June 22, 2009

Earlier severe storm warnings possible

U.S. scientists say satellite observations of cloud temperatures might allow severe thunderstorm warnings to be issued up to 45 minutes earlier than usual.

Researchers at the University of Wisconsin-Madison said such temperature measurements would be more accurate and quicker than relying on traditional radar alone.

Scientists from the university's Cooperative Institute for Meteorological Satellite Studies developed a way to measure temperature changes in the tops of clouds to improve forecast times for rapidly growing storms.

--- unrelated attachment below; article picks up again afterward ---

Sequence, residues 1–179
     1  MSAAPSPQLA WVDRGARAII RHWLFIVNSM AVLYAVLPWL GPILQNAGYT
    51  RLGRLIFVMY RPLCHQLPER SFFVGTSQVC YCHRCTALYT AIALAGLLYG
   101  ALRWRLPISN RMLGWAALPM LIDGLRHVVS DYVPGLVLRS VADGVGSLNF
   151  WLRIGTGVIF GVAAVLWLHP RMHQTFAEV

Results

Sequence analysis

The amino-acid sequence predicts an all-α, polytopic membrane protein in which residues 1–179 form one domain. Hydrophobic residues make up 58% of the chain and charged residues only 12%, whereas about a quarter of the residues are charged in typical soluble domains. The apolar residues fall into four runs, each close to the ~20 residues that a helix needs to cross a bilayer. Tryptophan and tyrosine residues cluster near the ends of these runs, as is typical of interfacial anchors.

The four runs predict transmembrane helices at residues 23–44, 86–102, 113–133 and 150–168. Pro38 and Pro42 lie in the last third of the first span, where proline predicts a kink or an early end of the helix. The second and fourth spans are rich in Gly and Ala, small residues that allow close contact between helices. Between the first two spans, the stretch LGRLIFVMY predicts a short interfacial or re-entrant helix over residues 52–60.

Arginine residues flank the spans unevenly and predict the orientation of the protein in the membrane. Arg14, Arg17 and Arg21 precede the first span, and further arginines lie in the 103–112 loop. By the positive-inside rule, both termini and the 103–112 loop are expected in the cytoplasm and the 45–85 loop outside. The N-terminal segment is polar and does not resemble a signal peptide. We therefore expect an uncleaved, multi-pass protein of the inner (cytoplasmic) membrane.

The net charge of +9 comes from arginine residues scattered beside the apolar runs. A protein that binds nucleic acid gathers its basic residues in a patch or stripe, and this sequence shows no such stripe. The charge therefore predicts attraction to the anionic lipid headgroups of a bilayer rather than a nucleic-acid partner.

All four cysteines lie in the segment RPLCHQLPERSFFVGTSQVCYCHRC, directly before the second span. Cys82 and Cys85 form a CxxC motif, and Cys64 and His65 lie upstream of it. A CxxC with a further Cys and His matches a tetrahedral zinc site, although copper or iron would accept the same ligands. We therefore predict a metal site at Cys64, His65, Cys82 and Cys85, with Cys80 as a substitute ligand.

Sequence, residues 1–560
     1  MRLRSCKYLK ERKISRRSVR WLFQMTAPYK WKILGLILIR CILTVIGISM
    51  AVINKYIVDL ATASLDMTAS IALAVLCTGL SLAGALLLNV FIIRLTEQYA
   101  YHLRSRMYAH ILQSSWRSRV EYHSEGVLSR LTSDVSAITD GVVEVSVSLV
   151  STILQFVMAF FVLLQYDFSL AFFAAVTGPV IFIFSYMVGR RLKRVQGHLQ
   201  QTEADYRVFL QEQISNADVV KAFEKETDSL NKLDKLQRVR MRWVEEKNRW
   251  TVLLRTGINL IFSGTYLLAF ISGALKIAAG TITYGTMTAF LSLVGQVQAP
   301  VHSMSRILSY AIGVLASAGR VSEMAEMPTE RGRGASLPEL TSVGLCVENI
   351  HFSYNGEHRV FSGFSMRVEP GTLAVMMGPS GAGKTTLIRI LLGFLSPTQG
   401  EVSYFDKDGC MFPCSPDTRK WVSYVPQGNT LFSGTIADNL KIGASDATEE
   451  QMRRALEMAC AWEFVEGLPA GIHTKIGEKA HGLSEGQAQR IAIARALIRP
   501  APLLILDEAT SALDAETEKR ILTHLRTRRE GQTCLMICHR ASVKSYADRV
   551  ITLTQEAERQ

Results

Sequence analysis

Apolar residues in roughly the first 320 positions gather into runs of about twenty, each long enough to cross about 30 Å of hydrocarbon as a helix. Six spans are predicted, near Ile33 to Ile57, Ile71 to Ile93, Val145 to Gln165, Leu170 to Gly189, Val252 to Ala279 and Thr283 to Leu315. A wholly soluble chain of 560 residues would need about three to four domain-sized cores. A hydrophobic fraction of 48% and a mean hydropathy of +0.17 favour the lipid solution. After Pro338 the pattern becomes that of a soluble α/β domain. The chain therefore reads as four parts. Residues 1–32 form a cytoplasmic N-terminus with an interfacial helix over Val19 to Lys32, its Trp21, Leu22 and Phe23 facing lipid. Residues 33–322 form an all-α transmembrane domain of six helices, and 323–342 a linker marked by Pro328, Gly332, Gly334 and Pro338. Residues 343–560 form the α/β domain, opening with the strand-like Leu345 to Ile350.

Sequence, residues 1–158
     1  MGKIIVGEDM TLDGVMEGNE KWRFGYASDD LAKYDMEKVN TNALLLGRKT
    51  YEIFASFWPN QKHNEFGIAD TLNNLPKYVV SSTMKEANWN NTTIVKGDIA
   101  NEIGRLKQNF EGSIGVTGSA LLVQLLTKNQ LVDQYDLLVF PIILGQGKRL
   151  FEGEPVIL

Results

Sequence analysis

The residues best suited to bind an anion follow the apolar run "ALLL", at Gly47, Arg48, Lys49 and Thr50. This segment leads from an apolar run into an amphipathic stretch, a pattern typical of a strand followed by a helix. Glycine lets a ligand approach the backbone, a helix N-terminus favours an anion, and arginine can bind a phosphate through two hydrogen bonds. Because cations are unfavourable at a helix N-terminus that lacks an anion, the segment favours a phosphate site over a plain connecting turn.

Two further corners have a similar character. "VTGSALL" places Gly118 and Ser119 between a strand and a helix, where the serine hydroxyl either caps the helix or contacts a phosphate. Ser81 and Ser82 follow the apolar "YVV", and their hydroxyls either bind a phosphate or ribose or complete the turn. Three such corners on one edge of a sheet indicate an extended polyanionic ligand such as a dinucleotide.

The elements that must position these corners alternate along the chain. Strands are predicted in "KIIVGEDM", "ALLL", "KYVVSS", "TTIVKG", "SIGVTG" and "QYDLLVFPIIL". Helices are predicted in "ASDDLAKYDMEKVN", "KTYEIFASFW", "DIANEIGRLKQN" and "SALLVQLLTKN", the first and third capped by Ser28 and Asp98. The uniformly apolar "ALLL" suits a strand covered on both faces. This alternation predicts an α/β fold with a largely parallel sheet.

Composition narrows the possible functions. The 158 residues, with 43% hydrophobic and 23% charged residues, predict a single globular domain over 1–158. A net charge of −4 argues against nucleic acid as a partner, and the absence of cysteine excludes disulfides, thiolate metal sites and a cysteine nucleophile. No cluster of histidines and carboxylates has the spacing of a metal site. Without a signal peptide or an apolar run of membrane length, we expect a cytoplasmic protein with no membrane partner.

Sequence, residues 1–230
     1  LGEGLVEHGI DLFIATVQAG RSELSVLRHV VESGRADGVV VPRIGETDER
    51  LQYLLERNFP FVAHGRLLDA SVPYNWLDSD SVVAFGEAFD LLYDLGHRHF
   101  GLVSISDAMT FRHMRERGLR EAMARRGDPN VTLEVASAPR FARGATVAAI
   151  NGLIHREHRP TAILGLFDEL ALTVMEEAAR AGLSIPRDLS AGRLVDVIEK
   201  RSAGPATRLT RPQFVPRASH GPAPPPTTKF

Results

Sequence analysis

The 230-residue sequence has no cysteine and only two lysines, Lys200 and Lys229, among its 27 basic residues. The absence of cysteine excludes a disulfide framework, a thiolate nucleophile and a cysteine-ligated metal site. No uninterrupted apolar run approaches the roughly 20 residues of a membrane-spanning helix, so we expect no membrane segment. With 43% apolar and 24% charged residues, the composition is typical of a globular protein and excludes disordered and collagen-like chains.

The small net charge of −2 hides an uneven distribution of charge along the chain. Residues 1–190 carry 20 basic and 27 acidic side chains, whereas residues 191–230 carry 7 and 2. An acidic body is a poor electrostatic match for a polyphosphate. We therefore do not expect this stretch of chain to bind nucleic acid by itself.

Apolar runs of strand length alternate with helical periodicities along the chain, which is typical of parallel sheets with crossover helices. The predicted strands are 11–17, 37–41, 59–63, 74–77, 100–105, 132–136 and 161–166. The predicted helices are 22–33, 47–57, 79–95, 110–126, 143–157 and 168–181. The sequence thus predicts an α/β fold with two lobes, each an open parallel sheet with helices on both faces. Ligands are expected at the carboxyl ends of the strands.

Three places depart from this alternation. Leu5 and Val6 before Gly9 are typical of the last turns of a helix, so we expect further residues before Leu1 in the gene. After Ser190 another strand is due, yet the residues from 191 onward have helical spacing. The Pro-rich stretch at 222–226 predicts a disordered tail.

The value of detecting and analyzing these changes is that we can get up to a 45-minute jump on radar detection of the same storm system, said institute scientist Wayne Feltz.

He said clouds begin cooling long before radar can identify them as storms. As a warm cumulus cloud grows and expands upward into higher altitudes, it will rapidly cool. Rapid cloud-top cooling would indicate a cloud top is rising into the frigid upper reaches of the atmosphere and can reveal the formation of a severe storm.

Feltz, Kris Bedka and National Oceanic and Atmospheric Administration scientist Tim Schmit demonstrated the technique during the recent annual Hazardous Weather Testbed meeting at NOAA's Storm Prediction Center in Norman, Okla.